The Future Of Food Carts: An Interview With The Street Vendors Justice Coalition
By Melissa Wiley in Food on Aug 27, 2014 4:30PM
Food cart in NYC, where they are legal (Deborah Bifulco/Creative Commons)
Chicago food carts are frozen in time. According to the existing Mobile Food Vendor Ordinance, pushcart vendors can legally sell nothing apart from frozen, prepackaged desserts. But the Street Vendors Justice Coalition, formed in 2012 in Little Village, is calling for a thaw.
Food carts arguably constitute guerrilla warfare against the city’s sprawling food deserts. And in the wake of the new e.a.t. spots’ sale of fresh food from obsolete newsstands, the momentum is building for vendors selling via bike or foot to expand their ambit. The e.a.t. spots operate under the new emerging business license, but street vendors have yet to receive the same sanction. Vendors in Ald. Roberto Maldonado’s 26th Ward reportedly are repeatedly subject to police intervention while peddling products like tamales, elotes and fresh fruit cups. As a consequence, Maldonado submitted a revised ordinance last May to the City Council legalizing all such sales. But only with summer’s end and e.a.t spots’ launch may pushcarts receive their hearing.
We spoke with Beth Kregor, director of the University of Chicago's Institute for Justice Clinic on Entrepreneurship and an advocate on behalf of the SVJC, regarding the proposed ordinance and mobile food vendors’ future.
Chicagoist: What changes is the SVJC proposing to the current Mobile Food Vendor Ordinance?
BK: Currently, sidewalk vendors with carts are only allowed to sell packaged frozen desserts. The new law would allow vendors to sell any food that was prepared in a licensed kitchen and wrapped up, as long as it is kept at the correct temperature on the cart. They could sell fruit cups and tamales, bagels or dumplings, and anything else a chef may conceive. The new law would also give produce stands more freedom to sell ready-to-eat produce and to set up in more neighborhoods.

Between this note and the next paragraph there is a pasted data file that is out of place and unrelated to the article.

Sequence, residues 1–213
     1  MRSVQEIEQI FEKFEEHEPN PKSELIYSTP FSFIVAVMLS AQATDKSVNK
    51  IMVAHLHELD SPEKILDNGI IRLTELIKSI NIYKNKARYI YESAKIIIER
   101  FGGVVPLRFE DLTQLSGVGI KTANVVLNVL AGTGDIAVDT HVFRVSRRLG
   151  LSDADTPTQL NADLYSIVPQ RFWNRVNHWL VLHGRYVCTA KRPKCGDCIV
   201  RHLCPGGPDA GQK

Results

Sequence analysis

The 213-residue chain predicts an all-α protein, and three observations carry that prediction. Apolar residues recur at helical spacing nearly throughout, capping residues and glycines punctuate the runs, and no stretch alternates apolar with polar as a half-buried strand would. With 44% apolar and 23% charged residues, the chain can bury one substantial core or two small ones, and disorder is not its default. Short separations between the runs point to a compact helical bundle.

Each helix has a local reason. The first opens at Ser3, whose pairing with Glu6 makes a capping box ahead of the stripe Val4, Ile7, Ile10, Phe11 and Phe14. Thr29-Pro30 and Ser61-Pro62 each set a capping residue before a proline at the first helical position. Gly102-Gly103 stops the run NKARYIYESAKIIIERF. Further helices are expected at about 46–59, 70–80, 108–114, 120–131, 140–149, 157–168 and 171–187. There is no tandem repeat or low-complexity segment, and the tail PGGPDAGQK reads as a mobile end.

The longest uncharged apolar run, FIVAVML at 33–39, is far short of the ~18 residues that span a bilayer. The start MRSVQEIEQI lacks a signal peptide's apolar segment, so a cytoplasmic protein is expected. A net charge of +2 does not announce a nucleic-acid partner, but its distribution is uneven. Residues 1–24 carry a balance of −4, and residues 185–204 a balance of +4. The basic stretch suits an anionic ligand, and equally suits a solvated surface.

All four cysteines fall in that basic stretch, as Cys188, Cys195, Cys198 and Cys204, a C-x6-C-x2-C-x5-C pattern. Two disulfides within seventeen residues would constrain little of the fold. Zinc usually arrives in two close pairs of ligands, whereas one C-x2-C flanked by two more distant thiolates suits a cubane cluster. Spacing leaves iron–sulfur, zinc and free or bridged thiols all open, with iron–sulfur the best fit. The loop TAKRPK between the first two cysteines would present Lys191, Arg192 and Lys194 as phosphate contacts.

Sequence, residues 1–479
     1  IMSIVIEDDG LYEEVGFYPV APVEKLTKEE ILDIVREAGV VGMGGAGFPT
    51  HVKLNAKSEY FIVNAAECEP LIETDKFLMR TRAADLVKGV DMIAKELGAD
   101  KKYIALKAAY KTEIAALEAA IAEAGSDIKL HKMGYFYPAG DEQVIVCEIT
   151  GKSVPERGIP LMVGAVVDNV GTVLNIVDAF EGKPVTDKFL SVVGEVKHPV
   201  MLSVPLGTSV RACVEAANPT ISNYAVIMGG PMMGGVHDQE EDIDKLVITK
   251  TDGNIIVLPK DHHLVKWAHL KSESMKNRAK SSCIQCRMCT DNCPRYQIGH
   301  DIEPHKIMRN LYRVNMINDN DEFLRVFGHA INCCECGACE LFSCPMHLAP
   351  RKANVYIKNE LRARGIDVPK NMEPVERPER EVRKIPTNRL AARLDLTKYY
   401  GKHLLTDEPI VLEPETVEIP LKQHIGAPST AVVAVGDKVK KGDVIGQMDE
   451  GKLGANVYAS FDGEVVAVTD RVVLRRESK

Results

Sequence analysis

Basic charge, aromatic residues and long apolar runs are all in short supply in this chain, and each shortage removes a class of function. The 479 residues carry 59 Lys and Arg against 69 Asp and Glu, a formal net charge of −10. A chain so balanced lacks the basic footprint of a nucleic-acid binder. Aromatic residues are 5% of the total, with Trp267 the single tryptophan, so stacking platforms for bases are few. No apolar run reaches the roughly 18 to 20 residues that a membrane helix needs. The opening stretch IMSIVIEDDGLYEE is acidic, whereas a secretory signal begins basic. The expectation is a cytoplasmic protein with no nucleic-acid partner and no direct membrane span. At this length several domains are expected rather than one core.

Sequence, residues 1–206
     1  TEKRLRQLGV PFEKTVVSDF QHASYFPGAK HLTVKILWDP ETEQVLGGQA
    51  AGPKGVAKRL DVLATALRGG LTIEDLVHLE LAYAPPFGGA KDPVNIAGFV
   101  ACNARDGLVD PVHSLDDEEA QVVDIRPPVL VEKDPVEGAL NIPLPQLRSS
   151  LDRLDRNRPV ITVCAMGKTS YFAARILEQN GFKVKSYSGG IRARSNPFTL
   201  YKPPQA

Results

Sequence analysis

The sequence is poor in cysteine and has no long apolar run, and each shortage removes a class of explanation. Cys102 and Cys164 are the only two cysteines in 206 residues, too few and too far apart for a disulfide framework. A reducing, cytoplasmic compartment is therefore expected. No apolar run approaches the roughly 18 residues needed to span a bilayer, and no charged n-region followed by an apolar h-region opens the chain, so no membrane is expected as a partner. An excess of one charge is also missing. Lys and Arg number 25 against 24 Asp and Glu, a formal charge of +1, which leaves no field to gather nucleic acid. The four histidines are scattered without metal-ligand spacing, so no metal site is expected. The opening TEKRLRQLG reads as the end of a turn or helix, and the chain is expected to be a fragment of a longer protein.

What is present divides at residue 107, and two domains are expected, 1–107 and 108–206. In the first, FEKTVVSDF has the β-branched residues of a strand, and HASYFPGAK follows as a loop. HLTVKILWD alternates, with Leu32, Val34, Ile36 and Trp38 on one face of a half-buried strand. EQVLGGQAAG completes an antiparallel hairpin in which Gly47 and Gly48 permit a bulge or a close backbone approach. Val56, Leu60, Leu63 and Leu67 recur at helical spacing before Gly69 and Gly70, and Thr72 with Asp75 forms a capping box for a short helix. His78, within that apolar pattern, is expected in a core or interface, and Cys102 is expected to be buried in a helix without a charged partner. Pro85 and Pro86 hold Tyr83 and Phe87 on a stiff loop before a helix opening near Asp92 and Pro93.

Chicagoist: How can food carts help address the city’s food deserts?
BK: Food carts are the most affordable way to start a business selling food. Entrepreneurs can sell freshly prepared food affordably in their own neighborhoods. Or they can test out different locations on different days, unlike a grocery store, which has to make a huge investment in a fixed location. If the new law passes, produce stands will have more flexibility to set up shop in various food desert neighborhoods throughout the week, and they will be able to sell ready-to-eat produce. Currently, only 30 sidewalk permits are available for produce stands across the city, and they may legally sell only whole, uncooked produce, like a mango or a cucumber or a pineapple. People in Chicago are literally hungering for affordable, fresh, ready-to-eat food.
Chicagoist: Would food carts actually compete with e.a.t. spots, which are set to expand across the city? And how might e.a.t. spots help your proposal gain traction?
BK: We would love to see e.a.t. spots all over the city along with other vendors. More competition means more and better options for Chicagoans. Vendors are already selling fresh and healthy foods, like fruit salads. If the city gives the vendors permission to cut fruits and vegetables to order on carts, we will be sure to have more of the colorful, juicy, fresh fruit that gives people in neighborhoods like Little Village a refreshing treat on the go. I have also spoken with entrepreneurs who have ideas for mobile salad bars or fresh bakery carts. Who knows how many people aren’t piecing these dreams together because the law prohibits them? If customers love the e.a.t. spots, as I suspect they will, they may inspire other vendors—traditional vendors or new entrepreneurs—to serve even more healthy food on the sidewalks as well.